Written by Giorgos Christopoulos Obstetrician – Gynecologist Specialist in Assisted Reproduction HEALTH IVF EMBRYOGENESIS Unit
A diagnosis of infertility is often confusing and confusing, and the success of an IVF treatment depends on many factors. The first step relies on dietary and lifestyle changes that can increase the chances of conception.
A healthy weight
In women, obesity is associated with hormonal disorders and polycystic ovary syndrome. Losing 5-10% of body weight can improve ovarian function. In men, obesity is associated with lower testosterone levels, low sperm count and motility. Achieving a healthy weight is achieved through a balanced diet and not through unorthodox excesses that lead to nutritional deficiencies.
Vitamins and antioxidant ingredients
For the woman, the sufficiency of antioxidant factors is important because it reduces the “oxidative stress” in the eggs, which has been associated with better quality of the eggs, but especially of the embryos resulting from them. For men, antioxidants significantly reduce the fragmentation rate of sperm DNA (high fragmentation rates have been linked to adverse reproductive outcomes and early miscarriages).
Omega-3 fats are beneficial for their anti-inflammatory properties and participate in the smooth functioning of spermatozoa. It is therefore recommended to take adequate amounts (about 1800mg daily for 6 months).
A beneficial element, especially for women, is coenzyme Q10. Recent data show that the smooth development of the embryo to the blastocyst stage depends on mitochondria (parts of the cell). Thus, coenzyme Q10 helps in the proper functioning of the mitochondria of the egg, and for this reason its complementary intake by women who will undergo in vitro fertilization makes sense. The recommended dose is 600mg of coenzyme Q10 per day for about 2 months. Couples starting IVF should aim for vitamin D sufficiency in the blood. The recommended, daily dose is 1000-2000iu while in cases of severe deficiency, the dose is 20,000iu per week.
Correct consumption of carbohydrates
Excessive carbohydrate consumption has adverse effects especially in women with polycystic ovary syndrome. Good sources of carbohydrates are legumes, brown rice, medium-ripe fruits with their skins. These carbohydrates are best spread out in small amounts throughout the day and not crammed into a large meal. A good practice is to combine good carbs with vegetables and protein/fat sources (eggs, cheese, meat, chicken, fish, nuts).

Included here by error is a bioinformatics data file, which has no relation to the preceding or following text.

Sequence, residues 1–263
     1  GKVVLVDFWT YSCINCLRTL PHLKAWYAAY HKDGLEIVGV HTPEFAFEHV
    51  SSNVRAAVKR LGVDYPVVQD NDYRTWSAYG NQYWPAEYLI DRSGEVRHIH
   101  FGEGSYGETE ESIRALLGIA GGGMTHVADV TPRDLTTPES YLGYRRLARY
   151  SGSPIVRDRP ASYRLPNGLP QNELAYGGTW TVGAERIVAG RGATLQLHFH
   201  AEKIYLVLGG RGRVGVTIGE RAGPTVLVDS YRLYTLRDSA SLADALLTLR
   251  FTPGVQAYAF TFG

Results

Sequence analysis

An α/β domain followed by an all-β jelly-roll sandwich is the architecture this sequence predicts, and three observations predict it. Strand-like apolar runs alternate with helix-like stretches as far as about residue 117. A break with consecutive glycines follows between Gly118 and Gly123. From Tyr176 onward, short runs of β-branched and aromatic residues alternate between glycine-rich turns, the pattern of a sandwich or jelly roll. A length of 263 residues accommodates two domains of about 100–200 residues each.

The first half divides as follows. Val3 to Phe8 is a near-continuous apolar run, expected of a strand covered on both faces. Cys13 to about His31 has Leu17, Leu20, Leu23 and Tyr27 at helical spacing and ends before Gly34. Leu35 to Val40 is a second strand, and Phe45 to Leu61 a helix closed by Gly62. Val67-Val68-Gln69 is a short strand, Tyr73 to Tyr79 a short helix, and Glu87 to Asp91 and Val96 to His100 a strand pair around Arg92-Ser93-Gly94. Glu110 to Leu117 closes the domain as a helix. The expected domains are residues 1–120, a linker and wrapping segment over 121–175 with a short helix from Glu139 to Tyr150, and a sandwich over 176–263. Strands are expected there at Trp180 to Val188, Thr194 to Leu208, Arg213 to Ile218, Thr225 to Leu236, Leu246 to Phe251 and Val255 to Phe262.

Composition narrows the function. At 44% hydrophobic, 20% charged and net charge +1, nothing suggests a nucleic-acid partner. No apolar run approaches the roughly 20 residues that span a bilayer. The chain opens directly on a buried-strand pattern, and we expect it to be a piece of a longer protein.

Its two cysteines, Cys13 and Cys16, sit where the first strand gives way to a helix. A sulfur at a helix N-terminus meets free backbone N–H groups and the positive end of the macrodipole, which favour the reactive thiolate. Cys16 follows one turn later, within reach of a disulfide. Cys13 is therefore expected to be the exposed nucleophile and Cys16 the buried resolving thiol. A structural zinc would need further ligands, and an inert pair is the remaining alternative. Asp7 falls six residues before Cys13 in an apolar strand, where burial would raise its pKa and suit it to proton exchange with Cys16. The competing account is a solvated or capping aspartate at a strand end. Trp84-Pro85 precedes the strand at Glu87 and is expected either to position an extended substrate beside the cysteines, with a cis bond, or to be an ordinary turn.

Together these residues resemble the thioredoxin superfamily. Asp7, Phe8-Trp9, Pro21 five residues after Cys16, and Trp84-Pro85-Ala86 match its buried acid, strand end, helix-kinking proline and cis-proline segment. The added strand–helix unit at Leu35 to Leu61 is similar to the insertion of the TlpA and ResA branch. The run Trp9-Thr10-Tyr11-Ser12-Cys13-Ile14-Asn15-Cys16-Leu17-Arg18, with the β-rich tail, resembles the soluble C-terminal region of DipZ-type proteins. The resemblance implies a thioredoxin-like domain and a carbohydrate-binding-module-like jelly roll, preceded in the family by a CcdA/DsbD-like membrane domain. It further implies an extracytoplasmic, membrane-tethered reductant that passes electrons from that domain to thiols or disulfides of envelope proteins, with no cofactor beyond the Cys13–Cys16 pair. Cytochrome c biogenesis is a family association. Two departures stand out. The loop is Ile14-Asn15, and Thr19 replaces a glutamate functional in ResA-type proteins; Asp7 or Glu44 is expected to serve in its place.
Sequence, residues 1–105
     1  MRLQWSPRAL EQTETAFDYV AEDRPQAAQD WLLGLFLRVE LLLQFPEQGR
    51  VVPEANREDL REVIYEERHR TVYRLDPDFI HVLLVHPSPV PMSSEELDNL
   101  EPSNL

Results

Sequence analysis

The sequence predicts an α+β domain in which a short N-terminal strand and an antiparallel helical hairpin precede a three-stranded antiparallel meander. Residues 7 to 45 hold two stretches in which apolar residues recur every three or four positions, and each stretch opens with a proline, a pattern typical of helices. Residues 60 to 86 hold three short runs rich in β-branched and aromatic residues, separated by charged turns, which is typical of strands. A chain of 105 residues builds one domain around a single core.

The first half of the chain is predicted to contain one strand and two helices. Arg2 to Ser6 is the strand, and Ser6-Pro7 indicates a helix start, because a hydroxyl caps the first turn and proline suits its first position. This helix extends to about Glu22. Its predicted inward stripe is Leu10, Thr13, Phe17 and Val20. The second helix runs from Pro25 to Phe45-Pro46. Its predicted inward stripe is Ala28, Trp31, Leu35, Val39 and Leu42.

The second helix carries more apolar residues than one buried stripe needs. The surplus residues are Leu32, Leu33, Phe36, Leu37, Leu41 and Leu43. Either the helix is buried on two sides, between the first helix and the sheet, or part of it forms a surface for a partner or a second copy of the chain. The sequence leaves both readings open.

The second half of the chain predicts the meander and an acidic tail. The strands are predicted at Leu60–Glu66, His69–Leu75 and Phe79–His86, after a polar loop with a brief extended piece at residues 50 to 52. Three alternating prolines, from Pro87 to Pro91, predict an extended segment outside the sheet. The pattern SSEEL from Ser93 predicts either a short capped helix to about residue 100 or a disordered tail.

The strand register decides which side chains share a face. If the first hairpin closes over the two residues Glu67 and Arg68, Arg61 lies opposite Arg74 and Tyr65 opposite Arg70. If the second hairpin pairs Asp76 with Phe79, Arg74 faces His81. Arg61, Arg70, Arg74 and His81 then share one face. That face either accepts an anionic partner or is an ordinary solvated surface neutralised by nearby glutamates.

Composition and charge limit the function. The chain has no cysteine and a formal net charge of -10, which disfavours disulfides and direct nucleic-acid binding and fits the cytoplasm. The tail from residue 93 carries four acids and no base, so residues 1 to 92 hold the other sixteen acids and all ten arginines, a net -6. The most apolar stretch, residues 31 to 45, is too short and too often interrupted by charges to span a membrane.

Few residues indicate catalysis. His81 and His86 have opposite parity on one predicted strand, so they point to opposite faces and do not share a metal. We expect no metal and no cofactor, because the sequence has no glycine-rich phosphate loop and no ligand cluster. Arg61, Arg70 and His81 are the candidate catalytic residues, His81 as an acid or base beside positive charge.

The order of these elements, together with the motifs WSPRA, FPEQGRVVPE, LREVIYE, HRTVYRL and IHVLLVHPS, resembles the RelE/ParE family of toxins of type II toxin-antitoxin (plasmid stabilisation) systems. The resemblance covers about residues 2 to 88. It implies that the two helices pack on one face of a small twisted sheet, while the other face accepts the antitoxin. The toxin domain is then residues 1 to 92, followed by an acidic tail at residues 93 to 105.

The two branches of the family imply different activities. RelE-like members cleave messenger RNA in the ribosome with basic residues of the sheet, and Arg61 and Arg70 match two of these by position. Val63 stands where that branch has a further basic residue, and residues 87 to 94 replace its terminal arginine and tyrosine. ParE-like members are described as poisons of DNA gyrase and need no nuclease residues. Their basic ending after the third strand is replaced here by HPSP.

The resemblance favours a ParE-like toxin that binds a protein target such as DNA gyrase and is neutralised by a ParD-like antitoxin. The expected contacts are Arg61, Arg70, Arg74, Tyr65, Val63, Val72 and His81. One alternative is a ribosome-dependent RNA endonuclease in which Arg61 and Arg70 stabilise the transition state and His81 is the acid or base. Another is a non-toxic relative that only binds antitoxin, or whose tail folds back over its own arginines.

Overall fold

Type of fat
Trans fats (such as processed foods, fried foods, packaged cookies) are wise to replace with monounsaturated fats (eg olive oil, avocados, peanuts, almonds). ω3 fatty acids appear to improve egg quality, while in men, consumption of ω3 fatty acids has a positive effect on sperm motility.
A balanced and healthy “Mediterranean” type diet rich in fruits, vegetables, legumes and seafood is recommended. There is no need to overeat red meat and foods high in saturated fat should be avoided. In a recent study by Harokopion University, it was shown that consuming vegetables, fruits, cereals, fish, olive oil for 6 months before IVF increases the probability of a successful outcome.
There is evidence that coffee consumption can negatively affect fertility. Taking 500mg of caffeine per day can delay pregnancy, while high coffee consumption is associated with a risk of miscarriage. Moderate consumption of caffeine (<150-200mg) is recommended if desired by the woman.
Alcohol in large quantities affects fertility. A large study in women showed that 8 drinks a week can delay pregnancy. The consumption of small amounts of good quality alcohol (eg red wine which is also allowed by the Mediterranean diet) if a woman so desires can be tolerated.
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